Strategic Human Resources is critical to business success

Strategic Human Resources is critical to business success

As I was reviewing recent “Answers” on Linked In, I came across one that inspired this post.  An HR pro had posted a question asking what others would recommend as focus areas when starting or reviving HR in an organization.  An Operations Manager had answered the question by saying “None”, and going on to clarify that it sounded like the organization was smaller and therefore wouldn’t actually need a Full Time HR person, so they should probably simply contract out for services.

Now first, let me say, there are a lot of services that I think it makes sense to contract out at times.  However, I also think that even in a smaller organization, having a dedicated HR Leader helping to develop strategy and people practices is essential to success.  The unfortunate thing is that many managers don’t understand the full value of HR and what a true HR leader can bring to the organization.  There could be many reasons for this, including perhaps only having experience with non-strategic HR administrators.  In a world of globalization, where change is the only constant, and companies are emerging from recession, the old days of HR as a service or administrative function are in the past.  Having a strong Strategic Human Resources partner dedicated to your business is critical.

Some examples of the value a true strategic HR professional can bring to an organization:

  • In changing times, HR pros become change agents – they work with leaders to develop the strategy for the change, how to accomplish the change, how to engage employees in the change to ensure it is sustainable
  • HR works with C-suite leaders to determine the capabilities needed to drive the organization’s strategy.  They are the experts in evaluating and developing talent, and can help leaders make decisions to ensure the right talent is getting the right develoment in order to reach the organization’s goals.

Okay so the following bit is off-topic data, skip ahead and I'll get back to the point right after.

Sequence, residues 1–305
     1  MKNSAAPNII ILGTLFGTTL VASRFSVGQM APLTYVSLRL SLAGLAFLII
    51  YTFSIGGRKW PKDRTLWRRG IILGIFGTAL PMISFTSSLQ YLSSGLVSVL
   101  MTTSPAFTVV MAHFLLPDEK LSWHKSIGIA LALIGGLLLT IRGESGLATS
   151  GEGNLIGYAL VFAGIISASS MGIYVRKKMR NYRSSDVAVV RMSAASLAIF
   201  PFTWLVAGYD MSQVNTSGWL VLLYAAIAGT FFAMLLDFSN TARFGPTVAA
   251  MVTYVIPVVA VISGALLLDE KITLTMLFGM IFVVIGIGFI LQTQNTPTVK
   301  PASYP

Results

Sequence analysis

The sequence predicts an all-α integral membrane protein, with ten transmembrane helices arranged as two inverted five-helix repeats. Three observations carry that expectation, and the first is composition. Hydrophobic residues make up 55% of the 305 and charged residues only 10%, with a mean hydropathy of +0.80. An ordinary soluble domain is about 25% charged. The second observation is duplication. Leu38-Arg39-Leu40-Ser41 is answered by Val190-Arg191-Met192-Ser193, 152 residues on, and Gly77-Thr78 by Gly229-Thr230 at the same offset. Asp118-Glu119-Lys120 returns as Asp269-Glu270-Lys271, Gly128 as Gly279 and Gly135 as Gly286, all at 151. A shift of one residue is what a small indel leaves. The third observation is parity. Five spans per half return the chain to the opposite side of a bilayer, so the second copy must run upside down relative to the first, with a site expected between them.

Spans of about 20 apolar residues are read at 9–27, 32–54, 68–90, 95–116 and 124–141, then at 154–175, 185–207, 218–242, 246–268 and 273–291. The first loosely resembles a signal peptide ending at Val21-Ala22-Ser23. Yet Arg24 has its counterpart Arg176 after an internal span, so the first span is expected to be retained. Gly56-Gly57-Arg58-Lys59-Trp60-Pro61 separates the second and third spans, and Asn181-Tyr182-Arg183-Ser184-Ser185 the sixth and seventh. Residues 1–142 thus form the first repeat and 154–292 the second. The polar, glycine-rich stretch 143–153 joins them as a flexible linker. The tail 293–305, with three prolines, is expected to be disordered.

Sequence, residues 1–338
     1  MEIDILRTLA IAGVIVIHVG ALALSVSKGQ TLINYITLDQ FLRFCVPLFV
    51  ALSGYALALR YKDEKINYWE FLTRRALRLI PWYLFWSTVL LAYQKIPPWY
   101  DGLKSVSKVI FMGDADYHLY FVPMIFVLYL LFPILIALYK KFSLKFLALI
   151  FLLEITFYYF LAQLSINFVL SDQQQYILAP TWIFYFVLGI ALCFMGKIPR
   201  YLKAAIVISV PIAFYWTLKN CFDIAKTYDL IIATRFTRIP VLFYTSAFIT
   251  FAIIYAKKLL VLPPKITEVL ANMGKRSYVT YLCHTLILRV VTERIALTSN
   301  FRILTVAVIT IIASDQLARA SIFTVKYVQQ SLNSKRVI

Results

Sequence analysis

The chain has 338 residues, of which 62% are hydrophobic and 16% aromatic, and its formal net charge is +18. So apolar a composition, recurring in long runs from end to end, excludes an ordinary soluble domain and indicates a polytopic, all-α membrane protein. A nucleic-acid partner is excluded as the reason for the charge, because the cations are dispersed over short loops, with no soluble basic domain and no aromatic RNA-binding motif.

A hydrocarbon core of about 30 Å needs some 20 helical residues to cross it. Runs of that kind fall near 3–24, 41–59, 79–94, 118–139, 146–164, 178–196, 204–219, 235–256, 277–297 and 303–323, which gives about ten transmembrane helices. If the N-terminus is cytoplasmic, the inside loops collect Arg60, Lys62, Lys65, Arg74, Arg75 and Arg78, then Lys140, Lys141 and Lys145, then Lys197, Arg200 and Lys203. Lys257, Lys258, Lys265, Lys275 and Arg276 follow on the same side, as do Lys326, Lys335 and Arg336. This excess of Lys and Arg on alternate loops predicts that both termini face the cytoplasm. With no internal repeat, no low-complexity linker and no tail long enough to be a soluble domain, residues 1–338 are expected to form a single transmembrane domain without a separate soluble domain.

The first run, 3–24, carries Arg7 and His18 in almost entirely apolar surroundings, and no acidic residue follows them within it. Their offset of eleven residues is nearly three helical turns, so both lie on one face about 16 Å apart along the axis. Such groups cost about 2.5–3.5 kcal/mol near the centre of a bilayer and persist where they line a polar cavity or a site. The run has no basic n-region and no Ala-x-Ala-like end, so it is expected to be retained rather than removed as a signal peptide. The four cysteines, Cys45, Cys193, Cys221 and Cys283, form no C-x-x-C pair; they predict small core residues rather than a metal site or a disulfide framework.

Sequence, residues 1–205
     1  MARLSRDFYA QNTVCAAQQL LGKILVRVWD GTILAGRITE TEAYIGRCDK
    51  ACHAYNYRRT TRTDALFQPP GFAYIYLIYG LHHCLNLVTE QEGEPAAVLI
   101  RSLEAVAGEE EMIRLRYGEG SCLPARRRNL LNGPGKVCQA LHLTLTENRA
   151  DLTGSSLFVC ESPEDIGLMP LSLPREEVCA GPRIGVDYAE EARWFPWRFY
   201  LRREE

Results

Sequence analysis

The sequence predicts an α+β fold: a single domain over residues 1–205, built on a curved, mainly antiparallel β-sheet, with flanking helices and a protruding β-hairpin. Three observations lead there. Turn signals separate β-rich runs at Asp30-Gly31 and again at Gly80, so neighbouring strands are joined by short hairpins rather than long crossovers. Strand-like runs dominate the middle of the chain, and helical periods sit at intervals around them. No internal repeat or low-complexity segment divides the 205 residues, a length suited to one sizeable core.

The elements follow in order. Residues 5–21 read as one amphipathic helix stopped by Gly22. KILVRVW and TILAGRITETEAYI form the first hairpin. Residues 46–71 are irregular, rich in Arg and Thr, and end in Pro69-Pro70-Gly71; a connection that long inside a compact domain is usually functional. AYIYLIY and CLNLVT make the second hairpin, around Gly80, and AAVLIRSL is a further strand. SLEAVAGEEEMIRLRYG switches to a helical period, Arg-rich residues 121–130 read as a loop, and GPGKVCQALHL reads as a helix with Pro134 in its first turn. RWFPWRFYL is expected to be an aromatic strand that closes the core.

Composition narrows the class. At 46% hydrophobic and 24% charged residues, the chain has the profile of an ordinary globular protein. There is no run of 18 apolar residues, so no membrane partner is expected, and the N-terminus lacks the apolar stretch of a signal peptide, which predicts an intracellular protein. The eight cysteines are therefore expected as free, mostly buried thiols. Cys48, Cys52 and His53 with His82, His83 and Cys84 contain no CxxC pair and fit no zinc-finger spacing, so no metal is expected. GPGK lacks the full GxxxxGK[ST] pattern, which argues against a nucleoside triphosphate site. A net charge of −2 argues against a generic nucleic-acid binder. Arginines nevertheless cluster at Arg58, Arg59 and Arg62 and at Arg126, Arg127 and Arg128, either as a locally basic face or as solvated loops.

• HR will lead the sustainability and/or change of the organization’s culture.  They will examine all areas of people processes and practices that help to communicate culture, and work with leaders to ensure all are aligned and delivering the right messages.
  • For companies looking to expand into new or emerging markets, HR will help you determine how to source and develop talent in these new markets, and how to ensure the best parts of your culture are maintained.
  • On a more basic level, HR will help to ensure your people practices are legislatively compliant, reducing risk to the organization.

I could go on (and on), but I would love to hear from others – what other value do you think strategic Human Resources professionals add to an organization, or do you disagree?  Comment here or tweet to me at http://twitter.com/pamelamaeross.

5 Comments

  1. May 20, 2011 at 5:37 pm

    I totally agree! HR is, or was, often overlooked as a strategic partner. HR can provide valuable insight to the employee workforce. While business leaders often focus on the numbers, and with good reason, HR will look at the people impact who will be required to do the work. Maybe because I am HR I am passsionate about this topic but I have worked in organizations where HR is a major player, and ones where it is not. The companies where it is a player, are most successful in business!

    Reply »
    • May 21, 2011 at 10:09 am

      Absolutely and the HR strategy and people practices have massive impact on the numbers! Thanks for commenting Karen!

      Reply »
  2. May 22, 2011 at 11:18 am

    HR is still overlooked by many - we are seen as admin focussed and often do not get involved in people strategy until the damage has been done. "HR will sort it out" - a well worn phrase Managers love to repeat. HR can improve the bottom line as well as add value to organizations. The list goes on and on.... but can HR truly add value if they are not part of the leadership team? HR professionals must challenge these old fashioned views but personal credibility must also play its part. The credible leader is one who is willing to share acquired knowledge, encourage open communication and idea sharing. From your example, my first strategy would be to challenge the Operations Manager on Linkedin who said "none" and change his views! Great post!

    Reply »
    • May 22, 2011 at 12:38 pm

      Great points! All HR professionals must work to change these perceptions. And we have to challenge each other when we are caught doing reactive, non-strategic tasks that perpetuate them. Thanks for the excellent comments!

      Reply »
  3. October 3, 2011 at 5:13 pm

    [...] corporately, there are some big gaps which include things I think are much more important to business today. So here’s my list of 5 traits of the next-generation HR [...]

    Reply »

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